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A worker at the waste processing site helps to sort through all of the waste. The 2010 FIFA World Cup in South Africa has seen the country spend an estimated R33 billion in preparation for one of the biggest sporting events in the world. With its shiny, new soccer stadiums, up-scale hotels and golden beaches, at first glance South Africa looks like a tourist haven. But behind this façade of prosperity lies another country: black townships without even the most basic infrastructure, bad roads, insufficient sanitation, along with high crime and unemployment rates. Many of the people who live in these townships are frustrated by the failure of the post-apartheid government to help them overcome their overwhelming socio-economic challenges. (Andrew Esiebo/Twenty Ten/Africa Media Online) © Independent Contributors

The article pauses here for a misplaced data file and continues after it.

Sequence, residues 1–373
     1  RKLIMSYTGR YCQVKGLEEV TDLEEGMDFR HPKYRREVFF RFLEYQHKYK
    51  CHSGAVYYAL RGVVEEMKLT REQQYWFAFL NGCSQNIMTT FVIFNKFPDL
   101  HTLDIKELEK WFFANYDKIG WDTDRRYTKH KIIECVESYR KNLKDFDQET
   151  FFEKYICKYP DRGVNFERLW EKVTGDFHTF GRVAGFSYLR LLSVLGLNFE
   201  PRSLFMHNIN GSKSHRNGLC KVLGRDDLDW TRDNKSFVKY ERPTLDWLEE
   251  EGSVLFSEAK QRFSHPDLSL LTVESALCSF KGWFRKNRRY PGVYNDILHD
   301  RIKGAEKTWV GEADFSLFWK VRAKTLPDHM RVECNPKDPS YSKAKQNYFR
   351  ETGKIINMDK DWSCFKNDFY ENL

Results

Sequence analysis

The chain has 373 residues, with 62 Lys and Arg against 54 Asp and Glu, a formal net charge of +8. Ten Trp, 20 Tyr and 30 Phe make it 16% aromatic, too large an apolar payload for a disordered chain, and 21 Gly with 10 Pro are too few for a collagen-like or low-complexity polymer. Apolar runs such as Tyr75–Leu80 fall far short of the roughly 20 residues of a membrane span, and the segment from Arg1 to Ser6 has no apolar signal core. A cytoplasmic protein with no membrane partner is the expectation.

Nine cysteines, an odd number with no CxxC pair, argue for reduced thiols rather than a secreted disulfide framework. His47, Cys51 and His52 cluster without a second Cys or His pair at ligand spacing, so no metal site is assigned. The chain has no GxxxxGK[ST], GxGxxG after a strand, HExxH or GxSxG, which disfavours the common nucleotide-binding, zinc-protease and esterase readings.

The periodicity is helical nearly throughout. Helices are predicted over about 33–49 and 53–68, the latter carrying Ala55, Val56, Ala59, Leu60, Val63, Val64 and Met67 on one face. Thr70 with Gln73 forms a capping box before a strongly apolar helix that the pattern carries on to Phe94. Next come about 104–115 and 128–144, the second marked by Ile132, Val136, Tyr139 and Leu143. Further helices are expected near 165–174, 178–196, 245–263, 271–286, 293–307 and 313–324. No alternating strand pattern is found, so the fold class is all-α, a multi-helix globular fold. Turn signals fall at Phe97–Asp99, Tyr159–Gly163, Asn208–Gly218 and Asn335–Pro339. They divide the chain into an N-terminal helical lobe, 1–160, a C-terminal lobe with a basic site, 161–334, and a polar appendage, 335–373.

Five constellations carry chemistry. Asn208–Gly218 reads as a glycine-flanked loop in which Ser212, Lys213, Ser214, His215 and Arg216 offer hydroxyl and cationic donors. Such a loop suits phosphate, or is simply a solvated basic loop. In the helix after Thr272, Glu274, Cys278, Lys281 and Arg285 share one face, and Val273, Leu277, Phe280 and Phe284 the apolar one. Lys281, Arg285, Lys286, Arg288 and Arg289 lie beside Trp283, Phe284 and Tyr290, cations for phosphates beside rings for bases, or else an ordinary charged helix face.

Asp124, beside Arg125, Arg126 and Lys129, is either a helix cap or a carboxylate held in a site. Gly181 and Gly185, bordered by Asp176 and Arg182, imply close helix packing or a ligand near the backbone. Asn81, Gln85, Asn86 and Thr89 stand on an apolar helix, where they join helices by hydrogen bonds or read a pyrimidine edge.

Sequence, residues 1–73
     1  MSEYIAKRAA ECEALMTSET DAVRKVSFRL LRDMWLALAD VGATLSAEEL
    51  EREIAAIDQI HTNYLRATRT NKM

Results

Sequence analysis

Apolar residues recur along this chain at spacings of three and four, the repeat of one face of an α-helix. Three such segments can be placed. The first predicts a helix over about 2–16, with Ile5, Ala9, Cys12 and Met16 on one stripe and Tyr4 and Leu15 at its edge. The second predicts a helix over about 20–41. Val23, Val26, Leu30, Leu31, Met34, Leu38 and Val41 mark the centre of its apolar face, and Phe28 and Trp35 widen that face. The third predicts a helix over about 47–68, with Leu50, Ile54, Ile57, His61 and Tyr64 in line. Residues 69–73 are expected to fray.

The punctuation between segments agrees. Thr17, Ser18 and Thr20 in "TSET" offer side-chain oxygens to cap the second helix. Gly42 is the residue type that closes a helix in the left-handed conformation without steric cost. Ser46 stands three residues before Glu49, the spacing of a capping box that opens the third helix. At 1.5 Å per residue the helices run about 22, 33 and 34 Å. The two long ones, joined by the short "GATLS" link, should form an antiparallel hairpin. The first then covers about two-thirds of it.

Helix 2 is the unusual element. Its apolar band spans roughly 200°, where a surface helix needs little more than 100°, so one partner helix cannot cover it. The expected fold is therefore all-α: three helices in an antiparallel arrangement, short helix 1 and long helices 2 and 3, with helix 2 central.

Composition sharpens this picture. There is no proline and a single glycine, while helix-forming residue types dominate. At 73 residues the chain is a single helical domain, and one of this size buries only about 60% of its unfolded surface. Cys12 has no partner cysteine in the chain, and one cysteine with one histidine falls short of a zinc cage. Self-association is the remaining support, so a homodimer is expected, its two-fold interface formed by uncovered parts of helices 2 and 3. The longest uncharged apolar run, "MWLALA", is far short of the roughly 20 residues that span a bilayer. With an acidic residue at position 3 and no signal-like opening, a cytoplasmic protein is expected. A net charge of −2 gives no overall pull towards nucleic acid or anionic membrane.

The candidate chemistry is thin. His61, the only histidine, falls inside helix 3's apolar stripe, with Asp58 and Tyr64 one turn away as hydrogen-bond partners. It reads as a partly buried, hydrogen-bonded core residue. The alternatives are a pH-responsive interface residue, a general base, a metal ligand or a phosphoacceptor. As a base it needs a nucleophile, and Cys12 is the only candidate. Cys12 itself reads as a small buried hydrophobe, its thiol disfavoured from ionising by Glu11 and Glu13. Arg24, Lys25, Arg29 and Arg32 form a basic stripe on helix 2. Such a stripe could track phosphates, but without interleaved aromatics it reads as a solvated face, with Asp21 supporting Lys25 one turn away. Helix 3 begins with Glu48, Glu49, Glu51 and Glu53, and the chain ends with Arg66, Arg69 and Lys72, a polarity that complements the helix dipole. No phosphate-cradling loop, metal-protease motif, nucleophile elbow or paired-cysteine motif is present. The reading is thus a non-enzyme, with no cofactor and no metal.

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Title: South African soccer World Cup: Recycling Waste
Image Number: APN310277
Caption: A worker at the waste processing site helps to sort through all of the waste. The 2010 FIFA World Cup in South Africa has seen the country spend an estimated R33 billion in preparation for one of the biggest sporting events in the world. With its shiny, new soccer stadiums, up-scale hotels and golden beaches, at first glance South Africa looks like a tourist haven. But behind this façade of prosperity lies another country: black townships without even the most basic infrastructure, bad roads, insufficient sanitation, along with high crime and unemployment rates. Many of the people who live in these townships are frustrated by the failure of the post-apartheid government to help them overcome their overwhelming socio-economic challenges. (Andrew Esiebo/Twenty Ten/Africa Media Online)
Country: South Africa
Dimensions: 3400 x 2267 px
DPI: 240
Orientation: landscape
File Type: image
Model Release: MR-NON
Property Release: PR-NON
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Credit: Andrew Esiebo / Africa Media Online
Credit: 2010-07-10T09:59:15